Be Easily Forgotten or a Hero?

Have you ever been embarrassed by a sibling or family member?

My oldest has reached an age where he is becoming embarrassed by his younger brother. While he loves his brother, they get along quite well together, he is starting to be influenced by what his friends think.

We were having dinner and my oldest decided he needed to share with us that his friends make fun of his younger brother because he gets excited over little kid things — mind you he’s a few years younger than his brother, so it’s normal for him to be into the things he’s into, but his older brother was embarrassed none-the-less.

My youngest son was at the table, made a frown and said, “that hurts my feelings and kind of makes me feel bad.” I agreed. I was pretty unhappy my oldest had shared his opinion so openly with disregard for how it might make his brother feel.

My husband and I began to talk to our oldest. My husband reminded our son of a  segment we’d listened to on the radio where a man recalled an experience from his childhood where he’d followed an assignment given by the teacher to write down something you like and then asked the kids to give their assignment to a peer to read aloud. The boy hadn’t realized the assignment would be read aloud and immediately became embarrassed when he knew it would. As he suspected, the kids started to laugh at what he’d written. He wanted to disappear, until one of his peers, a girl in the class asked, “What’s the point of this assignment? To embarrass each other?” It stopped the class, it stopped the teacher, it ended the assignment. He never forgot that girl and how she stood up and ended his humiliation. He ends the story by challenging the listener to consider who you want to be in life — one that flies under the radar and is easily forgotten, or be the hero and remembered forever? We challenged our son to think about who he wanted to be — we’d hope he’d want to (and have the courage to) be the hero. “You stand up for your brother. You don’t ever tolerate someone else making fun of him,” I said. I looked at his younger brother and said, “And you do the same for him. You guys both need to look out for one another.”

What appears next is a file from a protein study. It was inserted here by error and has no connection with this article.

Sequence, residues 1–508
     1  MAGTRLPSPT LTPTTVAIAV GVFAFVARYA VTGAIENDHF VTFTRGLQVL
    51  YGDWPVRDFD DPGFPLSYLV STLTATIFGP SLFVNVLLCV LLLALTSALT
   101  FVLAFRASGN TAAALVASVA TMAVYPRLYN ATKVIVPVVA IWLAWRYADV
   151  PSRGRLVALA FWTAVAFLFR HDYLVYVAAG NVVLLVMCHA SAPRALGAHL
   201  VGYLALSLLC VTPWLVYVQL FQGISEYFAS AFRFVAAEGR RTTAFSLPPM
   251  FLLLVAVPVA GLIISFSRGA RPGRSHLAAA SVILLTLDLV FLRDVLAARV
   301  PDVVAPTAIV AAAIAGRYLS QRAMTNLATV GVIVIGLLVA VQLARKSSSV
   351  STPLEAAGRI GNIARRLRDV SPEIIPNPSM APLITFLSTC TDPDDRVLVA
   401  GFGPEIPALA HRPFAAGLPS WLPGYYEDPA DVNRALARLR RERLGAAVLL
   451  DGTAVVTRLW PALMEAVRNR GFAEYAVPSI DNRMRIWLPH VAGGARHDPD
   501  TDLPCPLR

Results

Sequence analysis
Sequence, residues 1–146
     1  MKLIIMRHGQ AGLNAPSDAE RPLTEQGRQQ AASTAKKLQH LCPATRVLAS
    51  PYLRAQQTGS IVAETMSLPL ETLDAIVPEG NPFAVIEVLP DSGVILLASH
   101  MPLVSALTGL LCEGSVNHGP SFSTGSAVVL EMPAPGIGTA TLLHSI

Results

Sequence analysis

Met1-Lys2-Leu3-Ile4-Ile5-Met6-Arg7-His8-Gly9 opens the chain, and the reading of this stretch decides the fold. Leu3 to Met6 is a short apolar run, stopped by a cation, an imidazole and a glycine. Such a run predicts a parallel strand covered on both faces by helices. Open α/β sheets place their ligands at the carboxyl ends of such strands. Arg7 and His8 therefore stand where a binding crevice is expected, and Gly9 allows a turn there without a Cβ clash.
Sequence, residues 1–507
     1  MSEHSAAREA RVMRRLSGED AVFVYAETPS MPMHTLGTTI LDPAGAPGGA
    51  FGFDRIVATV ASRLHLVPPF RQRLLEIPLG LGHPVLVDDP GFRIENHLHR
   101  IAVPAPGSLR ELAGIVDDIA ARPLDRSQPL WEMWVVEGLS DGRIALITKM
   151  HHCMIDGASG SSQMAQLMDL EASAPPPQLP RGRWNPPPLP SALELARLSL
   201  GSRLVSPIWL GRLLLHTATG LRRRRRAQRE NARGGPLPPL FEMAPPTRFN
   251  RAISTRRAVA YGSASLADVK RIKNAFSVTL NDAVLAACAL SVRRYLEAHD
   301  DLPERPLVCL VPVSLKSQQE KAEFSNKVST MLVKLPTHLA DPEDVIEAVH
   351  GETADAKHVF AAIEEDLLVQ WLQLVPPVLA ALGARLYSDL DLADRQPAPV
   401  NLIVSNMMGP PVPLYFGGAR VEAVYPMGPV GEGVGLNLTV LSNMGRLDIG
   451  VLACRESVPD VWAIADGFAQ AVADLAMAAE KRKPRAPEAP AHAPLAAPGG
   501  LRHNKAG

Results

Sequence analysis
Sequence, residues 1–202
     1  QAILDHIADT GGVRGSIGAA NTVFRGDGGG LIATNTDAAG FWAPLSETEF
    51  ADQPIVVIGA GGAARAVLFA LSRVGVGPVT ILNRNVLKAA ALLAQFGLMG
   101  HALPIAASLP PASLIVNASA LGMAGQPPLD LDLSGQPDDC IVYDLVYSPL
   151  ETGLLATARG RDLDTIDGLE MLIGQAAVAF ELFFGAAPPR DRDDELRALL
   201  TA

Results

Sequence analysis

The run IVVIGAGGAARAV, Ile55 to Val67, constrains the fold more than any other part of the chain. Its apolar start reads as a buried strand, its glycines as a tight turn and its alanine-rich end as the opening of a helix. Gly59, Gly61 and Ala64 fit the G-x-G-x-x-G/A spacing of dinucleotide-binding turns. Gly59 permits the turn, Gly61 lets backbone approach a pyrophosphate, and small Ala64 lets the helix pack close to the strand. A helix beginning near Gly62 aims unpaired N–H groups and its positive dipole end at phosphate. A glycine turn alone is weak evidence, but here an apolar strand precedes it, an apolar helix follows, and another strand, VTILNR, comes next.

We ended the conversation after getting the boys to confirm they understood us and would work to stand up for each other, even in uncomfortable situations. I’m hoping to raise heroes, not those easily forgotten.

How are you raising your child to stand up for their siblings or peers? How are you teaching them to be someone’s hero?

Cutting Your Own Path

What reminds you that winter is over?

For me, it’s when the tulips and daffodils finally bloom. They are at full peak where I live and are a constant reminder that warmer weather is coming. This winter was bitter cold and gray. The sun and blooming colors is doing all of us well. There is nothing better than walking down a path or street that’s bursting with different colors. It’s quite glorious.